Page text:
Twitter Bans One AOC Parody Account. Five More Take Its Place.

House Oversight and Reform Committee member Alexandria Ocasio-Cortez, D-N.Y. Tuesday, Feb. 26, 2019. (AP Photo/J. Scott Applewhite)

On Monday night, Twitter suspended the parody account “Alexandria Ocasio-Cortez Press Release (parody)” in the latest crackdown on conservative accounts. Like a hydra, however, accounts parodying Rep. Alexandria Ocasio-Cortez (D-N.Y.) have leapt into existence, with at least five emerging from the beheaded husk of the AOCPress account.


When PJ Media reached out to Twitter, the company said AOCPress and other accounts were suspended for violating Twitter Rules. The specific rule in question states, “While you may use Twitter pseudonymously or as a parody, commentary, or fan account, you may not use misleading account information in order to engage in spammy, abusive, or disruptive behavior, including attempts to manipulate the conversations on Twitter.”

According to a person familiar with the suspension, AOCPress was one of a set of accounts that the company suspected of coordinating against other Twitter users. That person said this kind of conduct violates the company’s policies on spammy behavior.

A Twitter spokesperson would not address the five new parody accounts.

The account AOC Press (PARODY) sent off its first tweet in the wee hours of the morning on Tuesday. The account joined Twitter in May 2019, likely shortly after the first AOC press parody was suspended. As of 3 p.m., this account had garnered 483 followers.

Its first tweet? “I’m the boss, Twitter!”

AOC Official Parody also leapt into existence in May 2019, firing off its first tweet around 9 a.m. Tuesday. The account had racked up 36 followers by 3 p.m.


“It may not be much, but I keep my Twitter on dark mode, even though i hate it. Why? Because it uses less electricity, and that’s how you [save the planet],” the parody account tweeted.

Rep. AOC (parody) also began in May 2019, firing off its first tweet around 10 a.m. Tuesday. By 3 p.m., it had garnered 20 followers.

“I don’t know what a garbage disposal is. Does anyone know if it is environmentally friendly?” this account tweeted.

The account was mocking Ocasio-Cortez’s recent comments upon discovering a garbage disposal.

“I am told this is a garbage disposal. I’ve never seen a garbage disposal. I never had one in any place I’ve ever lived. It is terrifying,” the congresswoman said in a live video. “I don’t know what it’s for, or what its purpose is. Like, food scraps? Like, is this environmentally sound?” (No, this is NOT a parody.)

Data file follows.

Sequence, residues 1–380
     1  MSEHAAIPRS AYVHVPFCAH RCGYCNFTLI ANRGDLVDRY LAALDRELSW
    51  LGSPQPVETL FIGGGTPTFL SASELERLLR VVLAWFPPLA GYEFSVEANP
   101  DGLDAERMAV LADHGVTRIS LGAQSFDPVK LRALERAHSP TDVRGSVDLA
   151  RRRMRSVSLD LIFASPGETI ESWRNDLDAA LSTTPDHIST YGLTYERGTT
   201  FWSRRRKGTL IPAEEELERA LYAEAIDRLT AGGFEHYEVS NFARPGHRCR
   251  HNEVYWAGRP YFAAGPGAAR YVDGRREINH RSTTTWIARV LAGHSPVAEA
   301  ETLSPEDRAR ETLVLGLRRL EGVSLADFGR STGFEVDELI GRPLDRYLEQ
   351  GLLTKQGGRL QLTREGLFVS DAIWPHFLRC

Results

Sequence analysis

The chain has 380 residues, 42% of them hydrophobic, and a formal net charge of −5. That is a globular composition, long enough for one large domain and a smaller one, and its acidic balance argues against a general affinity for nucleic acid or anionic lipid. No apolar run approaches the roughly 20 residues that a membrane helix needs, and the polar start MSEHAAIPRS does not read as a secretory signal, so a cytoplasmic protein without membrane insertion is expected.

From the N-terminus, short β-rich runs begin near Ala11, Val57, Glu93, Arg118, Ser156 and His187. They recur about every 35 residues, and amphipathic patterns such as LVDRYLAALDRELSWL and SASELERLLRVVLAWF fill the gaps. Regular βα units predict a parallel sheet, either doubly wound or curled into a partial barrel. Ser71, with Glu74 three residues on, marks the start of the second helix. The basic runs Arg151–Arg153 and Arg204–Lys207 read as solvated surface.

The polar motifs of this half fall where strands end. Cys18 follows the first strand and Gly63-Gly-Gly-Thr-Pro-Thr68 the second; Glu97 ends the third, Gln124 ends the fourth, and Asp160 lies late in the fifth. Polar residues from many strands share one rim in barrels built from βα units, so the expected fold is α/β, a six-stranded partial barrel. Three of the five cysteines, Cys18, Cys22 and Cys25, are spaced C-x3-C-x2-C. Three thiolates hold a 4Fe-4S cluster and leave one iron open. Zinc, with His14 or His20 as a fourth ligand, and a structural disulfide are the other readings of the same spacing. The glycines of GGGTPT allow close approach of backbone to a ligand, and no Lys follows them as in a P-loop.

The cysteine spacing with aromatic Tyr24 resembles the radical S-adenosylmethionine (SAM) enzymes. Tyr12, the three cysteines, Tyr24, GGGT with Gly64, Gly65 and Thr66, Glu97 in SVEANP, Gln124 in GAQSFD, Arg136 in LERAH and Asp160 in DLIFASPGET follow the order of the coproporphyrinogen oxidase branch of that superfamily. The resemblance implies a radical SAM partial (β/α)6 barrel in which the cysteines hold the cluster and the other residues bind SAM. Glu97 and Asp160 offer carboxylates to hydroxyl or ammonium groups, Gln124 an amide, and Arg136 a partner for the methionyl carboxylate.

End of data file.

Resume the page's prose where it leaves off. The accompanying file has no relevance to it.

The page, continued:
AOC*Parody* also started in May 2019 and sent out its first tweet at around 10 a.m. The account, which describes itself as “she blinded me with science,” had gained 33 followers as of 3 p.m.


Official AOC From The Block — (PARODY) also joined Twitter in May 2019. Its first tweet came in the wee hours of Tuesday morning. As of 3 p.m., it had 65 followers. The account describes itself as “Alexandria Ocasio-Cortez Parody Account – support office of Mike. Lover of Gingers – Cow Fart Sniffer – BRONX FOR LIFE.”

In its first tweet, the account mocked Ocasio-Cortez’s support for Palestine. “Like, Israel is, like, so ungrateful. Palestine send them 600 new rockets and they don’t even say thank you!” the account tweeted.

Like the original AOCPress account, none of these accounts could be mistaken for Ocasio-Cortez herself. These accounts retweet conservatives and mock the congresswoman.

Interestingly, liberals have displayed a blatant double standard in how they respond to the Ocasio-Cortez parody accounts. Liberal activist Molly Jong-Fast, a board member of Arena Summit and a “verified” Twitter user, attacked the AOCPress parody account as “incredibly mean,” but mocked Rep. Devin Nunes (R-Calif.) for suing the woman behind parody accounts attacking him.

None of these five new parody accounts has anywhere near the 85,000 followers AOCPress once had, but their rapid emergence onto Twitter suggests that the social media platform will not be able to keep conservatives silent for long.


Follow Tyler O’Neil, the author of this article, on Twitter at @Tyler2ONeil.


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